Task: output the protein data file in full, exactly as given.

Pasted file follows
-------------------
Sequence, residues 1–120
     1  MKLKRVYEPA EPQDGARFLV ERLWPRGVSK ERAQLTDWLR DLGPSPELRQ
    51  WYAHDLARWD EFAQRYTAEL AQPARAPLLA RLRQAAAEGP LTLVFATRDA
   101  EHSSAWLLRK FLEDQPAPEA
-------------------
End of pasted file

Sequence, residues 1–120
     1  MKLKRVYEPA EPQDGARFLV ERLWPRGVSK ERAQLTDWLR DLGPSPELRQ
    51  WYAHDLARWD EFAQRYTAEL AQPARAPLLA RLRQAAAEGP LTLVFATRDA
   101  EHSSAWLLRK FLEDQPAPEA